The dolphins really varied in their interest in us. Some groups were tremendously curious about these strange, snorkel-bearing interlopers. To others, we were about as exciting as a bunch of barnacles. The better we got at entertaining them, however, the more playful they became. They approached - sometimes just inches away - and peered at us, they swam alongside us, and they gracefully mimicked our awkward antics.

At one point, we were surrounded by about 30 dolphins from a few different pods. They were impossible to keep track of, since they were so much more agile underwater than we clumsy terrestrial mammals were, even with our fins and snorkels. Different groups would come in and out of sight, chasing each other, diving all the way to the bottom, then breaking the surface right next to us. You’d be playing “Simon Says” with one dolphin, and suddenly a group of four or five would swim up from behind and surround you.

Let me tell you, swimming with these guys isn’t an activity for wimps. It turns out being a dolphin (or at least pretending to) is UNBELIEVABLY hard work. A few times, I was breathing so hard – through a snorkel, mind you – that I thought I might have a heart attack. (But, what a way to go, right?) We kept getting in the boat, completely spent, then seeing a newly-arrived group and diving right back in. No matter how exhausted I was, I just couldn’t stay out of the water. I returned to Kizingo unbelievably sunburned, covered in flipper-blisters, and worn out to the point of comatose. But I still can’t stop smiling.

**Photos courtesy of Kizingo. Thanks!!

Thursday, March 19, 2009

Tales (tails?) from the seashore, part 1

You know you’re a hopeless animal geek when, on a beach vacation in paradise, you STILL manage to spend your time enthralled with the local fauna.

I spent the last week at Kizingo, an indescribably gorgeous resort on the Kenyan coast. My friend Sarah works there, and she invited me to come forget about animals for a bit. Somehow, we still ended up with some amazing critter encounters.
Chapter 1:

“Hello…Kate?” I woke up to someone calling my name. I groggily determined that it was WAY before my morning wake-up call, when fresh coffee would miraculously appear on my verandah. In fact, it was just after 4am.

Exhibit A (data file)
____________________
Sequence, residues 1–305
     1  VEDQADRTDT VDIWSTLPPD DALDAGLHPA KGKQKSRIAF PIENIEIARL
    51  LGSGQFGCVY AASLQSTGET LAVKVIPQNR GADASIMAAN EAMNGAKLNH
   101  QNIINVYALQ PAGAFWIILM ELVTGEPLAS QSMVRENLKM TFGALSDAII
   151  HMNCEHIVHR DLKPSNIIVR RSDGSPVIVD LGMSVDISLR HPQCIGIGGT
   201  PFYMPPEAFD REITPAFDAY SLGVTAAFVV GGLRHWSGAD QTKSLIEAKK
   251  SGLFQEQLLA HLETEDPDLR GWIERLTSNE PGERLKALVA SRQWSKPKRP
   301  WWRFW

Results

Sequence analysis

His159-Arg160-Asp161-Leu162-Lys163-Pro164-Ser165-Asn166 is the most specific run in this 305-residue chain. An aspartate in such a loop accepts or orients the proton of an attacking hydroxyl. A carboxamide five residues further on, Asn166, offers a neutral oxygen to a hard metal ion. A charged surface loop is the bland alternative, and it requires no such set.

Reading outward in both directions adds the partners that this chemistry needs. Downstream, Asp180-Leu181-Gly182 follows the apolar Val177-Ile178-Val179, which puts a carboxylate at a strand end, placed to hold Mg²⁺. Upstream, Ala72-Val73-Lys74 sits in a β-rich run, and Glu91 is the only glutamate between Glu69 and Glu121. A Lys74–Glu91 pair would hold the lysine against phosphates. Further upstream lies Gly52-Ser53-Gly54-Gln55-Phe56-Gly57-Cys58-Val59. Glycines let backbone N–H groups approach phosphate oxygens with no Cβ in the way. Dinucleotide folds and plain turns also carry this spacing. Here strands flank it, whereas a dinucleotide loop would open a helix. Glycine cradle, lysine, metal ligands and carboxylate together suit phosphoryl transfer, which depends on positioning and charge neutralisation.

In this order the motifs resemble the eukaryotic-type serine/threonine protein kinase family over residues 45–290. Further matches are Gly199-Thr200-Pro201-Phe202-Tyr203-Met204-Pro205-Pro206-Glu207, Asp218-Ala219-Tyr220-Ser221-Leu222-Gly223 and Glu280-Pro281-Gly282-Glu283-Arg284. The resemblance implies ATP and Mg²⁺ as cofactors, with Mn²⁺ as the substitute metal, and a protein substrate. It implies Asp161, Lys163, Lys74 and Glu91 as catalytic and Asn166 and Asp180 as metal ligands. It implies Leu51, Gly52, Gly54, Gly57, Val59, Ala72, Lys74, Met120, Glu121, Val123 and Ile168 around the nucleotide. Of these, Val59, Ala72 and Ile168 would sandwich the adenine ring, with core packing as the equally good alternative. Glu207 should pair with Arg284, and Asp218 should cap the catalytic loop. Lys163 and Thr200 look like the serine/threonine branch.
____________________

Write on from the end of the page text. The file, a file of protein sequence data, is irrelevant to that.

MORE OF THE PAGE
As visions of horrible family emergencies swept through my mind and my body began to enter total panic mode, Sarah’s voice whispered through my window, “There’s a sea turtle laying eggs out here. Would you like to watch?”

Um…YES. Yes, I would.

Since Kizingo is right on the beach, I assumed we’d just saunter onto the sand and there would be the miracle of life, happening right in front of my adorable thatched hut. However, I suppose you’ve got to work a bit to witness such a miracle, since this particular turtle had chosen a lovely little spot waaaaaay down the beach. After a sweat-inducing half-hour power walk, we arrived. The turtle was several feet above the high-tide line, digging furiously into the sand.

Now, I knew green turtles were large, but this thing was huge. Like growth-hormone-fed, bad-horror-movie enormous. She was over three feet long and must have weighed several hundred pounds. Louis (one of Kizingo’s owners and the resident sea turtle expert) said she wasn’t much above average, but I certainly hadn't been expecting something outweighing a linebacker.

Not long after we arrived, she finished digging and started depositing her eggs into the freshly-dug nest. At this point in the process, laying females aren’t disturbed by human presence, so we could get up-close and personal. Since she was positioned over the hole, we couldn’t actually see the eggs, but Louis estimated that she likely laid over 80.

Then, the covering process began. She began flinging large amounts of sand over her back, onto her head, into onlookers’ eyes, and everywhere else within a few meters. I don’t know if this turtle had particularly poor coordination, or if evolution just hasn’t been kind to sea turtles in the sand-flinging department, but it seemed like a pretty inefficient process. I guess it’s all about tradeoffs; any animal that can outswim a fishing trawler probably won’t be particularly adept at moving large amounts of sand.

The female was finally satisfied with her nest, but by this time she had actually dug herself into a sand dune. Once she’d managed to excavate herself and turn around, she slid - surprisingly nimbly - down the shore and into the sea. The waves knocked her back a few times, then she submerged gracefully and was gone.

That was SO worth waking up early for.

At 4am, I didn't really have the presence of mind to bring a camera along. Luckily, someone else was better prepared. If these photos are yours, let me know and I'll give you photo credit!

Saturday, March 14, 2009

Downtime á la Africa

For a hyena, downtime usually looks something like this…

For the Homo sapiens out here, downtime is a bit harder to come by.

Honestly, between watching hyenas, thinking about hyenas, and writing about hyenas, we don’t have a whole lot of free time. And, when we do have a moment to spare, we usually spend it peering under the hood of the car, repairing tent zippers, or fixing whatever’s gone wrong with the solar panel.